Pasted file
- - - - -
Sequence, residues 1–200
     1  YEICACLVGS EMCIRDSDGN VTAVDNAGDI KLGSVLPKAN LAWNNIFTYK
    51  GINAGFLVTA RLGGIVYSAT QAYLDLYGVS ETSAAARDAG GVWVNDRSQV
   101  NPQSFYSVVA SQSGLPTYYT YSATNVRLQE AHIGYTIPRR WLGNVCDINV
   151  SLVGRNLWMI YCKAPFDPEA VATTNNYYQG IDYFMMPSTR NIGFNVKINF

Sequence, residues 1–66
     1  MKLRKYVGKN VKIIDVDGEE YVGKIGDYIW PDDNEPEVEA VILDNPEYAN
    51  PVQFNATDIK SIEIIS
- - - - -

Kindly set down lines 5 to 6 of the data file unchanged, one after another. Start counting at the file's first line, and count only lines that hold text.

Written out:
   151  SLVGRNLWMI YCKAPFDPEA VATTNNYYQG IDYFMMPSTR NIGFNVKINF

Sequence, residues 1–66